Researchers are familiar with the gender gaps in performance evaluations of employees, and the promotion gaps that follow. Firms are aware of this too, and many of them take serious steps to become fair in their evaluations. Imagine looking inside one such firm - a Fortune 500 technology company committed to fairness - and seeing that they also differ in how men and women’s work is evaluated. How could that happen?
Research by Shelley J. Correll, Katherine R. Weisshaar, Alison Wynn, and JoAnne DelfinoWehner published in American Sociological Review shed light on how unfair evaluations happen. They looked at the scores given to men and women, and also examined the text of the performance assessments. They asked two questions: (1) Were workplace behaviors viewed similarly when done by women and men? (2) Were workplace behaviors valued similarly when done by women and men?
What is viewed and how it is valued are central components of performance assessment. And, in this firm, the answer to the two questions were “yes” to both questions for most of the nearly 90 workplace behaviors they studied. The interesting part is in the exceptions to this rule, because that is where gender bias is found.
Let’s start with what behaviors were viewed more often in men and women evaluations. For men, managing people was mentioned much more often, and nearly always positively. For women, communication style was mentioned much more often, and nearly always negatively. In fact, the (common) negative views of women’s communication style were the exact opposite of the (rare) negative views of men’s communication style. Women were too aggressive and outspoken, said the performance valuations, and men were too modest.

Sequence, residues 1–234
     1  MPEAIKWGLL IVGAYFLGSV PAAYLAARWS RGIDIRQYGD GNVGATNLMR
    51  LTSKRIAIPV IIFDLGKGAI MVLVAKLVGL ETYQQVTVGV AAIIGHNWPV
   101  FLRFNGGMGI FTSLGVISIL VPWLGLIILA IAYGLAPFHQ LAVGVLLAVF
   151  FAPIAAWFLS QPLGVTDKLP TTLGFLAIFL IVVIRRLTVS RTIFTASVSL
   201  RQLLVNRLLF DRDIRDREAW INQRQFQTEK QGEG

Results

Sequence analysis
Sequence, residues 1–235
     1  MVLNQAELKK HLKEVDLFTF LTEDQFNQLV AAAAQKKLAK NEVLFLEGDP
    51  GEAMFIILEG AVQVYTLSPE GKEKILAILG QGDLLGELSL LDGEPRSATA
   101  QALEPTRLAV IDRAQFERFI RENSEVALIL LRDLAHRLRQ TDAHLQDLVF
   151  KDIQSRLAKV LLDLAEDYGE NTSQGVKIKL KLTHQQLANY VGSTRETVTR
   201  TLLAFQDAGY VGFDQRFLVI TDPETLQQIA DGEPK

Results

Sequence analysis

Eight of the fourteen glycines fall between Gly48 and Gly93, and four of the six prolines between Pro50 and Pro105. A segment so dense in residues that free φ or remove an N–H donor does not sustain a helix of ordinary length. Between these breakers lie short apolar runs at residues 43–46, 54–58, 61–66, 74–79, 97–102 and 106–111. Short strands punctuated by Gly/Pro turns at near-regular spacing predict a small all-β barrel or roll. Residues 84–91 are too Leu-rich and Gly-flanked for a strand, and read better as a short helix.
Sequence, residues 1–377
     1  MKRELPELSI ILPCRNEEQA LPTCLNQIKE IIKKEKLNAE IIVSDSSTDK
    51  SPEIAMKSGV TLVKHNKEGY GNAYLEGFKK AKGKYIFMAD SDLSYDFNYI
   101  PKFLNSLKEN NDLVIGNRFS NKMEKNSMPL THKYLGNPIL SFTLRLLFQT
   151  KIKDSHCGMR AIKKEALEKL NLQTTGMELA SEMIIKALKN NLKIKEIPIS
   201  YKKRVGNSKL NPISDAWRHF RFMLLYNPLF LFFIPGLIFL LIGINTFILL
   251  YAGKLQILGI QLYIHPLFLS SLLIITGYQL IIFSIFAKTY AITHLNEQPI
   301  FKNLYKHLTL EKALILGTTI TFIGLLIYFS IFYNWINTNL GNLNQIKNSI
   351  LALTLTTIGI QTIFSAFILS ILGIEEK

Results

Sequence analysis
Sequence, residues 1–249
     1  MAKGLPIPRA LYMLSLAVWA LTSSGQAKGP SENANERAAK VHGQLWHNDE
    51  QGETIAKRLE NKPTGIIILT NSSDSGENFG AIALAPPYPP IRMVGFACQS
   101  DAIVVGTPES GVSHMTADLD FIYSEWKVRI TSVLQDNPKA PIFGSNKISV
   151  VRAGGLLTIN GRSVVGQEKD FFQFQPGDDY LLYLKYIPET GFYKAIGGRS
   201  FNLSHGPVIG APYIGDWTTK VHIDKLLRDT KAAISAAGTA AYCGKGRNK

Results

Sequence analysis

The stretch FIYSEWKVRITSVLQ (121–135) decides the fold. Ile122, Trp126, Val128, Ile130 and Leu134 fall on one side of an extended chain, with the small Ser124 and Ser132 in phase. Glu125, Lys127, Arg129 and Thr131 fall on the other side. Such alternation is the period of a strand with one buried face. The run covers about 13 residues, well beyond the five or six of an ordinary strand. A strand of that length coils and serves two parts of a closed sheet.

Does that match our everyday experience of how women and men communicate? Perhaps not, and maybe it suggests that they were held to different standards. Women are supposed to be modest and soft spoken; men are supposed to be assertive. This is so conventional that it is remarkable to find such a double standard in a firm committed to fair evaluation.
Now let’s see what behaviors were valued differently in men and women evaluations. This is also very conventional. Being a helpful person was viewed similarly often in men and women and typically produced the second-highest rating. A four out of five, so promotion possible but not a sure thing. Being a person who takes charge was much viewed more often in men and was strongly linked to a top rating in men but to a second-highest rating in women.
Again, we see the same convention play itself out. Men should communicate assertively, they should take charge, and they should be promoted for this. Women being helpful and taking charge is OK, but not great.
Language matters because it shapes thinking, which in turn affects how people are evaluated by others and given responsibilities at work. It is doubtful that a technology firm benefits from having evaluation and promotion practices that correspond to old-fashioned gender roles, and it is certain that such practices are not fair. To change them, it is necessary to change how managers view, value, and talk about behaviors at work.
Correll, S.J., K.R. Weisshaar, A.T. Wynn, J.D. Wehner. 2020. Inside the Black Box of Organizational Life: The Gendered Language of Performance Assessment. American Sociological Review 85(6) 1022-1050.
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